*It is strenuously maintained by Baronius, Bellarmine, and many other writers; as also by many of the schoolmen, as Durandus, Tho. Aquinus, and others.

This book is sufficiently proved to be spurious, and not to have been known in the four or five first ages of the church, as not being mentioned by Jerom, Gennadius, and others, who make mention of the writers of their own and former ages, and pass their censures on them, as genuine or spurious. And, from others of the Fathers, who lived in those centuries, it plainly appears, that the doctrines maintainedin this book, concerning the celestial hierarchy, were not then known by the church. It is also proved to be spurious, because the author thereof makes mention of holy places, such as temples, altars, &c. for divine worship, and catechumens, and the like, and many other things, unknown to the church till the fourth century; and he uses the word Hypostases to signify the divine Persons, which was not used till then. He also speaks of the institution of monks, and various sorts of them, which were not known till long after the apostolic age; yea, he quotes a passage out of Clemens Alexandrinus, who lived in the third century. These, and many other arguments, to the same purpose, are maintained, not only by Protestants, but some impartial Popish writers, which sufficiently prove it spurious. See Dallæus De Scrip. Dionys. Areop, and Du Pin's history of ecclesiastical writers. Cent. 1. Page 32–34.

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Paul's ministry, Acts xvii. 34. as well as disagreeable to the sentiments of the church in the age in which he lived; therefore, passing by this vain and trifling conjecture, all that we can assert, concerning this matter, is, that there is a beautiful order among the angels, though not of this kind; and this very much in that social worship, which is performed by them. appears And this leads us to enquire how they communicate their ideas to each other, though destitute of organs of speech, like those that men have. That they do, some way or other, impart their minds to one another, is sufficiently evident, otherwise we cannot see how they could join together, or agree in that worship, which is performed by them, and those united hallelujahs, with which they praise God, and so answer the end of their creation. That they converse together is evident, since they are represented as doing so, in several places of scripture: thus the prophet speaks of the angel that talked with him; he went forth, and another angel went out to meet him, Zech. ii. 3. and elsewhere it is said, concerning them, that one cried to another, Holy, holy, holy, is the Lord of hosts; the whole earth is full of his glory, Isa. vi. 3. and the apostle John speaks of an angel ascending from the east, who cried with a loud voice to four other angels, Rev. vii. 2, 3. who were performing a part of their ministry here on earth, and giving them a charge relating thereto; and elsewhere he again represents one angel as speaking to another, and crying with a loud voice, &c. chap. xix. 17. In some of these instances, if the voices uttered by them were real, this may be accounted for, by supposing that they assumed bodies for the same purpose, and so communicated their minds to each other, in a way not much unlike to what is done by man. But this is not their ordinary way of conversing with each other: notwithstanding, we may, from hence, infer, and from many other scriptures, that might be brought to the same purpose, that there is some way or other by which they communicate their thoughts to one another. How this is done, is hard to determine; whether it be barely by an act of willing, that others should know what they desire to impart to them or by what other methods it is performed; it is the safest way for us, and it would be no disparagement were we the wisest men on earth to acknowledge our ignorance of it, rather than to attempt to determine a thing so much out of our reach, in this imperfect state, in which we know so little of the nature or properties of spirits, especially those that are without bodies. It is therefore sufficient for us to conclude, that they converse together, when joined in social worship; but how they do this, is altogether unknown to us.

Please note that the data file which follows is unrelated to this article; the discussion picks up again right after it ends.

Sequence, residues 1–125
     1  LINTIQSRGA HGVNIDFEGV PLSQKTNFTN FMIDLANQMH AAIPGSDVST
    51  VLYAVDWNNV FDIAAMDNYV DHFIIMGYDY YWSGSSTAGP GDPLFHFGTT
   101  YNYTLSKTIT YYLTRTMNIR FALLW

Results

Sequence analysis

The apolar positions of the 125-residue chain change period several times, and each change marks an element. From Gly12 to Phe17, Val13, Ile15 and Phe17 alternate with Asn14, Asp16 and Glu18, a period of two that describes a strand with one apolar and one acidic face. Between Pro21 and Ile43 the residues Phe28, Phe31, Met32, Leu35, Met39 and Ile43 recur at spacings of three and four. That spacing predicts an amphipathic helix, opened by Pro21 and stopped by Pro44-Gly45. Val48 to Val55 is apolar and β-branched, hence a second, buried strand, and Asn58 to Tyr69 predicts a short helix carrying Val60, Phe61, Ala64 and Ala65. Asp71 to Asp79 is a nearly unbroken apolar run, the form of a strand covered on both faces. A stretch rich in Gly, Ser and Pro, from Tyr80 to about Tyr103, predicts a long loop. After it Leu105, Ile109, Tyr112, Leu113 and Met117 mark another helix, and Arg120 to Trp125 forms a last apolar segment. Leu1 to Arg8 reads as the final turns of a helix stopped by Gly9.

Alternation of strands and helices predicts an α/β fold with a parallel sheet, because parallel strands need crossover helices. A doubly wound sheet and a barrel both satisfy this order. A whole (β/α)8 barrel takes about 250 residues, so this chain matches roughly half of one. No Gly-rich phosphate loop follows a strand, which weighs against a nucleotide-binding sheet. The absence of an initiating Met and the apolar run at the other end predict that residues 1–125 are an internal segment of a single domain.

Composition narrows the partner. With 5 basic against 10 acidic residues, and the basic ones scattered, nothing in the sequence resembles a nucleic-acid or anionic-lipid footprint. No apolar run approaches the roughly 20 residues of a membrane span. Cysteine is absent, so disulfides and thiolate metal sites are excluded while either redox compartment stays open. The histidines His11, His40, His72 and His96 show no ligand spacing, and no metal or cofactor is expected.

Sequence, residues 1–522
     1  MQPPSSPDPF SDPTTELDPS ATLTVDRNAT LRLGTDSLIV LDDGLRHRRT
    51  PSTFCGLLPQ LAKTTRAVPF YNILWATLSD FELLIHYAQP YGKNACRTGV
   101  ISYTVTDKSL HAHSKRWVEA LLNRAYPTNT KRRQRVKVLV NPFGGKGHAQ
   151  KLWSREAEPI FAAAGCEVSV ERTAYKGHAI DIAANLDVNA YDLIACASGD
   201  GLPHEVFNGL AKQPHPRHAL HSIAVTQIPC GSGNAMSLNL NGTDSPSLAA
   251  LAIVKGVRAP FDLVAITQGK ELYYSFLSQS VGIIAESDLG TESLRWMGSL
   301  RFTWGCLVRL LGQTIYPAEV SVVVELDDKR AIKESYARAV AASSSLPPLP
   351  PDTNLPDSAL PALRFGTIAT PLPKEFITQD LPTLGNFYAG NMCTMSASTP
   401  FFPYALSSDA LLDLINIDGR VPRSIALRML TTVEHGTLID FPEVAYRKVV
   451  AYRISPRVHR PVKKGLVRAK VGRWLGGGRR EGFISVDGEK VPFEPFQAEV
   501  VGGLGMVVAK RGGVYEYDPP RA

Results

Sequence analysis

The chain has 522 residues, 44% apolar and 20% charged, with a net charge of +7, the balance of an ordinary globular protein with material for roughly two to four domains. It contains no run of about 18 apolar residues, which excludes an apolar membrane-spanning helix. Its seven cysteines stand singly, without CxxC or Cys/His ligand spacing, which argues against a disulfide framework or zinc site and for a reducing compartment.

VII. Notwithstanding all the advantages which the angels had from those natural endowments, with which they were crea

ted, yet it is farther observed, that they were subject to change. Absolute and independent immutability is an attribute peculiar to God; so that whatever immutability creatures have, it is by his will and power. Some of the angels, who were created holy, were not only subject to change, but they kept not their first estate, Jude, ver. 6. and, from being the sons of God, became enemies and rebels; which is an evident proof of the natural mutability of creatures, if not confirmed in a natural state of holiness and happiness; and we have ground to conclude, from hence, that the rest might have fallen, as well as they, had they not been favoured with the grace of confirmation, which rendered their state of blessedness unchangeable. But this will be farther considered, under a following answer *.